Department VisionReflect and write:What is my high level vision for my team or department over the next 2-3 years?What kinds of activities am I hoping to see from my team or department?What kind of climate will I need to foster to make that happen?Stop and Ask YourselfWhat messages am I communicating daily? Weekly? Are they consistent? Are they supportive?Am I noticing and acknowledging good work around me? How?How is morale? How am I contributing to a positive outlook among my employees? Am I lowering anxiety and reducing unnecessary hassles?PollHave you started the developmental process from last webinar with any of your direct reports?YesNo, but plan toNo, but have meetings set upNo, too hard to find time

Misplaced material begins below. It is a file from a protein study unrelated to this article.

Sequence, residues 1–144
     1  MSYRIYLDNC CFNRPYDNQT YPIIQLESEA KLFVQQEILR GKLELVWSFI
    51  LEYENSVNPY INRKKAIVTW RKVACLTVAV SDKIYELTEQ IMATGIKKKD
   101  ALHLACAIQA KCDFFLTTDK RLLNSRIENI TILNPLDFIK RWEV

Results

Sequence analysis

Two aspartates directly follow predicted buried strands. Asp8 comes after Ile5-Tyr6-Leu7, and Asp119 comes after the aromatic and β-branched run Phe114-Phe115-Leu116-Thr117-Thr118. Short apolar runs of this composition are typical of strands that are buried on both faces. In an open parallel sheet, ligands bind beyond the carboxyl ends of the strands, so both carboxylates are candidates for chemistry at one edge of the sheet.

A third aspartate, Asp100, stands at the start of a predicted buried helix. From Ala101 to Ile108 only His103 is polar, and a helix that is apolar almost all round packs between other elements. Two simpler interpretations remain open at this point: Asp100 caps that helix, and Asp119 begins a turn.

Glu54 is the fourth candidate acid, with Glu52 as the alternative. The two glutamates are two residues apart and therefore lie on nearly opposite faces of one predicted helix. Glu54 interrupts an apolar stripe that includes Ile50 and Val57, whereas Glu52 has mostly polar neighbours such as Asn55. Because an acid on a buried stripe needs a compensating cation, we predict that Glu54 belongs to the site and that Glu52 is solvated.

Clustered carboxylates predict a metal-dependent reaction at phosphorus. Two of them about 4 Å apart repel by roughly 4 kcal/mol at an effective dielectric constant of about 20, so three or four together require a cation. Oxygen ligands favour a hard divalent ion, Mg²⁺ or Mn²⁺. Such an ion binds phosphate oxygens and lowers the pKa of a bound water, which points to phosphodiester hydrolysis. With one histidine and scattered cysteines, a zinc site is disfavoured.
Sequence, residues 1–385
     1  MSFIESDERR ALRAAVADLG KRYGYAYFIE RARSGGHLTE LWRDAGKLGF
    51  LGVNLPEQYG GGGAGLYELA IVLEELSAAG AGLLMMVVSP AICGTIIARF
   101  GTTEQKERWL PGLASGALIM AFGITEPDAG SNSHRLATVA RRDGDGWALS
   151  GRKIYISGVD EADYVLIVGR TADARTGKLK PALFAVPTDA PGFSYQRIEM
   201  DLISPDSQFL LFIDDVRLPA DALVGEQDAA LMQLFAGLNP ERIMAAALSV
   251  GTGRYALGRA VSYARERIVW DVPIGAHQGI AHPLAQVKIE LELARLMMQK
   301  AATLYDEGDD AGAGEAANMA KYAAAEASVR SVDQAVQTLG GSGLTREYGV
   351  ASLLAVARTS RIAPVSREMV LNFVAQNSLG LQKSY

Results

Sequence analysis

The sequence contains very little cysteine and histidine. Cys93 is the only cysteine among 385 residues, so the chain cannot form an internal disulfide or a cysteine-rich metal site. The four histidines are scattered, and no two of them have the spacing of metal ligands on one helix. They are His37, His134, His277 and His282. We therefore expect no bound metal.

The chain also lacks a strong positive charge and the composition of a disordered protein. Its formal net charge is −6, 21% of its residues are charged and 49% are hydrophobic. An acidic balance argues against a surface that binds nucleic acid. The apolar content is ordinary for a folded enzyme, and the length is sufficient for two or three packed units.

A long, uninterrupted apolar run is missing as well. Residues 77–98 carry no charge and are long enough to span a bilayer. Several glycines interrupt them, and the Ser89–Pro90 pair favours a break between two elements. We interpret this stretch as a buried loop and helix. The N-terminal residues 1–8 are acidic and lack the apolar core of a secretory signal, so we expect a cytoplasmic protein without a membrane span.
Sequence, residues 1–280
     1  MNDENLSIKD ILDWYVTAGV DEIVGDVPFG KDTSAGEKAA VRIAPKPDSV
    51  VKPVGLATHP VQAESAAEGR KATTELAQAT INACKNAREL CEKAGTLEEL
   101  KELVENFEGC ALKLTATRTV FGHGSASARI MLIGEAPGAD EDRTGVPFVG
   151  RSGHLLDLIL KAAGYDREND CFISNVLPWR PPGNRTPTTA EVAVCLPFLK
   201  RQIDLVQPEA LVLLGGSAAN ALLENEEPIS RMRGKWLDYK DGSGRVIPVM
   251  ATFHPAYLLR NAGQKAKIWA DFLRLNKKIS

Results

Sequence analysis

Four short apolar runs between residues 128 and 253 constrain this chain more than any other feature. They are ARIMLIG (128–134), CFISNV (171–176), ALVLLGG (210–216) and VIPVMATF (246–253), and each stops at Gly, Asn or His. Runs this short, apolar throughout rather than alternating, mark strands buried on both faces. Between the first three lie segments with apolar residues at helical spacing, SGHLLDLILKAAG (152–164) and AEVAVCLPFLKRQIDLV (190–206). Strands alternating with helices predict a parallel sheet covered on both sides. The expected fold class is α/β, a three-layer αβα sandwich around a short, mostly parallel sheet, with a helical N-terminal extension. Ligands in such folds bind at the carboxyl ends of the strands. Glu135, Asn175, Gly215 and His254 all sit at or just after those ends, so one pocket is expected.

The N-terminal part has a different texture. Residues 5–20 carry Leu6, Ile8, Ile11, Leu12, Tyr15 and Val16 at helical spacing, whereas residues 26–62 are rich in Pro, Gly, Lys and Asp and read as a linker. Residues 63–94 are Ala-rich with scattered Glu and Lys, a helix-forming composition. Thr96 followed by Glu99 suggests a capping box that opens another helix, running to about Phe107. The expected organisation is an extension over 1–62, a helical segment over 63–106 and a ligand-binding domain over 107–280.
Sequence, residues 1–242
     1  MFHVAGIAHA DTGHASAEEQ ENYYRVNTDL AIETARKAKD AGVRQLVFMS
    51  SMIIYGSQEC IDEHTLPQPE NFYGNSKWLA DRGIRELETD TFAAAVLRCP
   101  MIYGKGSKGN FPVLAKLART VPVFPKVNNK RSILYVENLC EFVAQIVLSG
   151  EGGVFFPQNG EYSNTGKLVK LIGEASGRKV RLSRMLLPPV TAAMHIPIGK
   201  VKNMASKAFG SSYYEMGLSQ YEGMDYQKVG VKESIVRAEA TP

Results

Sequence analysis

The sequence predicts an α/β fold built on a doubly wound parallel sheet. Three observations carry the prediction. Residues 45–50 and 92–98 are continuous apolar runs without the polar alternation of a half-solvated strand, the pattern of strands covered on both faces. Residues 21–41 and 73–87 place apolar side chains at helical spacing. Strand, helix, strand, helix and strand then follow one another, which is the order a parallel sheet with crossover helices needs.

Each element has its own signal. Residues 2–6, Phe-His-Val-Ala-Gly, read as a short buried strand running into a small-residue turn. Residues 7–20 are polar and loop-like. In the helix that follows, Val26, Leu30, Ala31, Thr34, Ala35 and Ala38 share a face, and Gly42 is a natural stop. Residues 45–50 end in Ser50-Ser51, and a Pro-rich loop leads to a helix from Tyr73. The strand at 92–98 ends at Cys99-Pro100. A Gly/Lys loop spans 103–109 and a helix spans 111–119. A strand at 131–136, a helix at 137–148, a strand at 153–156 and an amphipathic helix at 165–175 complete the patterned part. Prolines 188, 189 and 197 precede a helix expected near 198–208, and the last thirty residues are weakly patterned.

If yes, how is it going so far?ExcellentBetter than ExpectedGoodNot SureNot so good

Meeting 1 & 2 RecapMeeting OneYou set the stage for a developmental frameworkYou assigned 3 reflection exercises about aspirations (Noble Purpose, 27 Things, At My Best)

Meeting TwoYou had a conversation with your direct report about the exercises, identifying themes and areas of importance for developmentYou assigned Strengths I see in myself

Meeting ThreeBefore Meeting:Reflect on what you heard from your direct report about her/his hopes for the future in previous meetings. When she/he is at her/his best? What are the conditions? What stands out to you?